langster1980

I'm an electronics engineer and uber geek. I mostly spend my time working on electronics projects. I do a lot of development using microcontrollers - particularly using the arduino and mbed....

langster1980 wrote 33 posts

IR LED Glasses

A friend at the hackspace helps run a community centre and from time to time they run electronics workshops.  One of the proposed workshops focused around preventing a person’s face being visible to monitoring video cameras which appear to have become incredibly prevalent in the UK.

One such method of obscuring ones face is to swamp the video camera CCA (charge-coupled Array) with infra-red light.  This can be achieved with some bright infra-red LEDS which appear clear to the human eye.  What is needed is a simple electronic circuit which flashes some IR (infra-red) LEDS very quickly and can be easily mounted on a hat or a pair of glasses.  This was directly inspired by an article on Hackaday:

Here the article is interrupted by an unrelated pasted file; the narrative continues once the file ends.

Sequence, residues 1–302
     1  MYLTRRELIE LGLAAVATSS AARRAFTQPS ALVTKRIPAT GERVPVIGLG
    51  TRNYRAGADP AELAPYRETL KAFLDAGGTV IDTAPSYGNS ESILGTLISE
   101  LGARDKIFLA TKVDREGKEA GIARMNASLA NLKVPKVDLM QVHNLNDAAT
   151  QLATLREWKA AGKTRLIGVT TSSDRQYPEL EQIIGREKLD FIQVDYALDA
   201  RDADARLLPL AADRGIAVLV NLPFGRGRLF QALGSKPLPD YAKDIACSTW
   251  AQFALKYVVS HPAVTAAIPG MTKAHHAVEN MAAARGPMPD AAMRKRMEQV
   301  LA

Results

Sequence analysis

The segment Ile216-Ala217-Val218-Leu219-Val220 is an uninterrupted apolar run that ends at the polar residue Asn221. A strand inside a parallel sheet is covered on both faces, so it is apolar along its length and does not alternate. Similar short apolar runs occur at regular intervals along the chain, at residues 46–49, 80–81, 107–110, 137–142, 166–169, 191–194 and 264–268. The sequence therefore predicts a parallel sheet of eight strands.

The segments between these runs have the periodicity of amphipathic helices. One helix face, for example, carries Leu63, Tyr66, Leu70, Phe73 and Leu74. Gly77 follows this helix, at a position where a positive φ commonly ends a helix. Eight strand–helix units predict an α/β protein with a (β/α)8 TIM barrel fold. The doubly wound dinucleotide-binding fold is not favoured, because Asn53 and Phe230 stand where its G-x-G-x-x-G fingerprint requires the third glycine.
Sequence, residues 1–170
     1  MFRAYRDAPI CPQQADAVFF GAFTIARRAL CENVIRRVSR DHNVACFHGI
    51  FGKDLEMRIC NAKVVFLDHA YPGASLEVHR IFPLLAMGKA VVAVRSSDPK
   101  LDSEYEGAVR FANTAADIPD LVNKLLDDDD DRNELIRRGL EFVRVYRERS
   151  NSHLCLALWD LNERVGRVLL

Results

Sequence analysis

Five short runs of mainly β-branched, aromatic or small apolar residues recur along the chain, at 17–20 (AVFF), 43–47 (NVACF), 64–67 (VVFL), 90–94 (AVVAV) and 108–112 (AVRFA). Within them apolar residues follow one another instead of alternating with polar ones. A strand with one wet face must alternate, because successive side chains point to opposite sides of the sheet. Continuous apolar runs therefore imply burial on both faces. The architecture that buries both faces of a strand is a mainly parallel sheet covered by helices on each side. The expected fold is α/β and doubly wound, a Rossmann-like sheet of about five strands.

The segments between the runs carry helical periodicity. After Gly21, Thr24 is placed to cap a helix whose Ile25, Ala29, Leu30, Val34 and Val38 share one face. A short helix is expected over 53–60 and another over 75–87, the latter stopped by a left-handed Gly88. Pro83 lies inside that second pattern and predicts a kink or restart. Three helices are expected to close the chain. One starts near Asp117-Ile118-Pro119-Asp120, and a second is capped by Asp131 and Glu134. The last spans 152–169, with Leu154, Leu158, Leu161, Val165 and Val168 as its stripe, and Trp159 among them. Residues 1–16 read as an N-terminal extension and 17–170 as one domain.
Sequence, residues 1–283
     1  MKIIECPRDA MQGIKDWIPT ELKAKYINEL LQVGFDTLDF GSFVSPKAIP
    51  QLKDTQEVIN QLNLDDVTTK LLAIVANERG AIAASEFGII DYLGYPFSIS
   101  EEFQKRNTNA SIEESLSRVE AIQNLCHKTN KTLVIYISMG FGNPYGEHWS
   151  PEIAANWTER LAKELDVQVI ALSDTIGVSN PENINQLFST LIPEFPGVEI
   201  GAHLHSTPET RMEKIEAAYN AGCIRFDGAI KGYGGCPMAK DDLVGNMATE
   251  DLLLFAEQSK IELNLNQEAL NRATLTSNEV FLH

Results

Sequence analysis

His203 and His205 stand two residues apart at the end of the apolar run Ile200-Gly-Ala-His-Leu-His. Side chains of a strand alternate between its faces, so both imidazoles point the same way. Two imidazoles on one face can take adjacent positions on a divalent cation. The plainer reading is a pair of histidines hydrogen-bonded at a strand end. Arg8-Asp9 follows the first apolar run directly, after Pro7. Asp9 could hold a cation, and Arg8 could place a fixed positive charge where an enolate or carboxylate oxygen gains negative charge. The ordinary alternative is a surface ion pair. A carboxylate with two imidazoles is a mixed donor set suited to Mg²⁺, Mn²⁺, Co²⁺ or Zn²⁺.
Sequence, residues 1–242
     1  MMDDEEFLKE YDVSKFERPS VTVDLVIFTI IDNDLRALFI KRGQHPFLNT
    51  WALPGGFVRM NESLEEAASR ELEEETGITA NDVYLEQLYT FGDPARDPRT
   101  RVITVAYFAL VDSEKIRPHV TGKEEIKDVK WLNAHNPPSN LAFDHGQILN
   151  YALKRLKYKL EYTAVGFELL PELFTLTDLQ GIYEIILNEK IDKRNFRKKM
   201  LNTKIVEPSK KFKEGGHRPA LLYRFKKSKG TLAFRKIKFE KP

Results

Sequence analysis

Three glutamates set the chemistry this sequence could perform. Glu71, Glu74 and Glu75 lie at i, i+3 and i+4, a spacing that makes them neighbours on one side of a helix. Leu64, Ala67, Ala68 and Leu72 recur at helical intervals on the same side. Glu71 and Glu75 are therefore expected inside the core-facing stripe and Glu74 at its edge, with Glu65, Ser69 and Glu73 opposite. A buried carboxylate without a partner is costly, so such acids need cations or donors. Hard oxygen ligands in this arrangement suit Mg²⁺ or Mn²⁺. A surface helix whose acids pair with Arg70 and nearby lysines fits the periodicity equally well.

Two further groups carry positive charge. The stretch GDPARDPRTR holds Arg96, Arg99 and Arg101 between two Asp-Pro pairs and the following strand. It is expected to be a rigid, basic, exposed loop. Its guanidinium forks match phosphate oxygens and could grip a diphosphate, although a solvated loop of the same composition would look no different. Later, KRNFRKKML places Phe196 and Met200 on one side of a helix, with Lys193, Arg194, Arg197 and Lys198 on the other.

anti-paparazzi-sunglasses

The circuit will have to be battery powered, easily constructed, simple and cheap!  With those design constraints I decided to use one of the most popular integrated circuits in the world….the 555 timer!

555 timer IC wikipedia entry

555 Datasheet

We are going to use the 555 timer IC to output a constant square wave at high frequency.  This really means we are going to turn an electronic signal on and off very quickly…we are then going to use this constant on off signal to control a transistor which will turn the LEDS on and off very quickly.  We are doing this for a good reason – it means we can run the LEDS at full power and save battery life.  It makes it more efficient.

The circuit operation for the 555 circuit constantly outputting a square wave is known as “Astable” mode.  There are lots of calculator programs and circuits available for creating 555 circuits because it is so popular.

555 Astable Calculator